Profiting From What You Love: On Whims & Money-Making

Hello Friend by Helen Dardik on etsy
Hello Friend by Helen Dardik on etsy

 

Nearly a year ago, I came back from Spark Retreat zinging with ideas. I was inspired by Dyana Valentine and Jessika here at Oh My! and, really, each of the women who I met and connected with. As I earn my living working with words, though, I was transfixed by Alexandra Franzen. She had found a way to play with words: to really have fun, while inviting all of us along with her.

Sometime in the summer, I had a whim. Why don’t I invite Alex to my hometown? We could run a workshop and people will come to see her. I immediately emailed Alex (surely, if I had thought about it too long, I would have completely over-thought it, and it would never have happened!), and in the span of twenty-four hours, we had dates, themes, and a schedule worked out. Complete with yoga!

This weekend, we meet.

In the meantime, I have booked fifteen lovely writerly yogis, arranged for facilities, catering, and transportation from the closest airport—two hours’ drive away! I registered people by hand. That is, we used email on first contact, and then registrants filled out a google form, which populated a google spreadsheet, which alerted me to the registrant’s choices. All that led me to send paypal invoices in the correct amount. Since opening registrations on October 25, I have had back-and-forth contact with twenty-five people; have refunded six registrations from people who, for various reasons, had registered and then had to drop out; and have found billeted accommodations for seven. Finally, nine women are coming from my home province of Alberta, two from neighbouring provinces, and four from the US.

Now that all of the registrations are in order, I have been looking closely at my budget, and after everyone else is paid, it still looks like I will be making a profit. Which is feeling a little strange. See, my whole intent behind the workshop was to have more instruction-time with Alex. To laugh together! And to bring people (new friends!) to my small town. Making money was the furthest thing from my mind when I followed that whim and emailed Alex in the summer.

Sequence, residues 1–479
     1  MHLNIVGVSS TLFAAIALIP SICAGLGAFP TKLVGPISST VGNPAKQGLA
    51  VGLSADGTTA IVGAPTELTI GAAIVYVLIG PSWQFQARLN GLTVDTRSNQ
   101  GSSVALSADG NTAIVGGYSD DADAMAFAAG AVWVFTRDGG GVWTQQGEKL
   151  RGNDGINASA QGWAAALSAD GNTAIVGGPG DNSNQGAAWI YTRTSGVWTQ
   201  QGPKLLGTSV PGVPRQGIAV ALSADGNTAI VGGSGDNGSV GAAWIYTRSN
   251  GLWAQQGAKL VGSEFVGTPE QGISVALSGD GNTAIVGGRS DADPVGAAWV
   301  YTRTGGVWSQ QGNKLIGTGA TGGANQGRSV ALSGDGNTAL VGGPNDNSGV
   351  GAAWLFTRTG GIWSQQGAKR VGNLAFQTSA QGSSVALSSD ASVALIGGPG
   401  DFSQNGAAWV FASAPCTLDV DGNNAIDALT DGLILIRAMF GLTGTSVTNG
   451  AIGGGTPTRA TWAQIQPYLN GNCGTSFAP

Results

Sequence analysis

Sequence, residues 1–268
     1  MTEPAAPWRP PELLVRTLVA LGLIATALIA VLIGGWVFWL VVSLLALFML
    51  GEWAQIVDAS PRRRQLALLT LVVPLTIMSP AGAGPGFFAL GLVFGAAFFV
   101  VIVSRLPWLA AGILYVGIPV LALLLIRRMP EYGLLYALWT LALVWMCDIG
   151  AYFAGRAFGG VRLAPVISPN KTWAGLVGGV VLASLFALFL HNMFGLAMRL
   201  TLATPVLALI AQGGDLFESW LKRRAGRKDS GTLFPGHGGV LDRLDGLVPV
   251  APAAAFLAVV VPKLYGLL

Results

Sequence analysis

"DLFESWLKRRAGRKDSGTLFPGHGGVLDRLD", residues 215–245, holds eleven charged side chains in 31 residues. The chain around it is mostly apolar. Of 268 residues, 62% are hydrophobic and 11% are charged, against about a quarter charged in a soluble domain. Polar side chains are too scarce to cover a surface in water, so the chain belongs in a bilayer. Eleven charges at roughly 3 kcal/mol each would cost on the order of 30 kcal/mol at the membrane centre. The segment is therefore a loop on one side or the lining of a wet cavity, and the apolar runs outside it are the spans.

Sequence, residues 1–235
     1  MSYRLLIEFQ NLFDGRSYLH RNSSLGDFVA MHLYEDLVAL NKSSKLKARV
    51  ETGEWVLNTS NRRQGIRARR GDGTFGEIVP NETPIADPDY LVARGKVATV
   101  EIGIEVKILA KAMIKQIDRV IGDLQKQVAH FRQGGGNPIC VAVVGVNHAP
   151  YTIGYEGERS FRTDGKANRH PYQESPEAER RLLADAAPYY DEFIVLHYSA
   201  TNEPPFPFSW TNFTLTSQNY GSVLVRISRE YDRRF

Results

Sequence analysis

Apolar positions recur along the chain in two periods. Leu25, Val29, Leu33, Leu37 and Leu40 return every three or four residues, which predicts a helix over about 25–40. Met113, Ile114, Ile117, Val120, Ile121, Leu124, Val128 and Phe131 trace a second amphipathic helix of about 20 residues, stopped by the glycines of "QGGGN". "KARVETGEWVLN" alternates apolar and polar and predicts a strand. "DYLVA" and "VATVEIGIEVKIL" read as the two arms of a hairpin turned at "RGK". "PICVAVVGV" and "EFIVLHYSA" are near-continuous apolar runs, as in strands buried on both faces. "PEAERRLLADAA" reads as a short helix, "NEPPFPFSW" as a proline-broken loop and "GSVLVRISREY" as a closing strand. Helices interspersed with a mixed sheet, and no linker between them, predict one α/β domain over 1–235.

Whim. The Oxford English Dictionary defines “whim” as “A capricious notion or fancy; a fantastic or freakish idea; an odd fancy.”

Yes: a “freakish idea.” We are not supposed to make money off of our freakish ideas. Right? So how do I reconcile this with who I am?

I try by going back to math.

Given the amount of emails and phone calls and face to face meetings (with Alex, the attendees-to-be, the caterer and facilities, yoga instructor, and billet homes), I could have made more money per hour selling fridges down the street. So what is it about earning money (even a little) from the things that delight us, from our odd fancies, that seems, somehow, wrong?

Even with the math, I’m working on that. And I am desperately looking forward to next weekend, and all of its writing and yoga and fun.

Do you struggle with making money from something you utterly love? How do you reconcile earning from something that feels nothing like work?

3 comments

  1. I am so inspired by your story….just over the top inspired. You took one of those moments when you felt brave and acted on it….did not over think it. I have built a business on all of those tiny moments of bravery…and I am still building away and happy when I feel those surges.

    I recently taught at a private school and was paid well. When I look at all the hours of prep I put in, I was paid fairly. Yet, I had so much fun it did not seem like work. I obviously need to do this more….

    You have inspired me in this post to reach out….thank you…..xo.

  2. Darice says:

    Yes, yes, yes – to your freakish idea! No – to feeling strange about making money!

    To be fair, that No! wasn’t always a no…it was yes for so very long I hate to think of it. Why do we do that to ourselves? We’re worth so much more than we give ourselves credit for.

    Hooray! for your taking your whim one step further, making it a reality – and what sounds like an awesome time for so many creative minds. (That’s the stuff dreams are made of!)

    When we make money from our gifts / loves we offer something to the world that no one else can: ourselves. I think that’s worth charging for. 😉

  3. It’s funny that this concept is just now hitting me. I’ve made money on my wedding invitations since 2006 and never had a problem with it. Brides were getting a physical tangible product that they could touch, love and send out to guests. But now that I charge for consultations and digital products that I create, I feel that freakish whim. Really Renae? You want to charge someone money to have an hour long conversation and answer their questions? It feels so foreign to not have an overhead on that. It feels so foreign to actually value my TIME.

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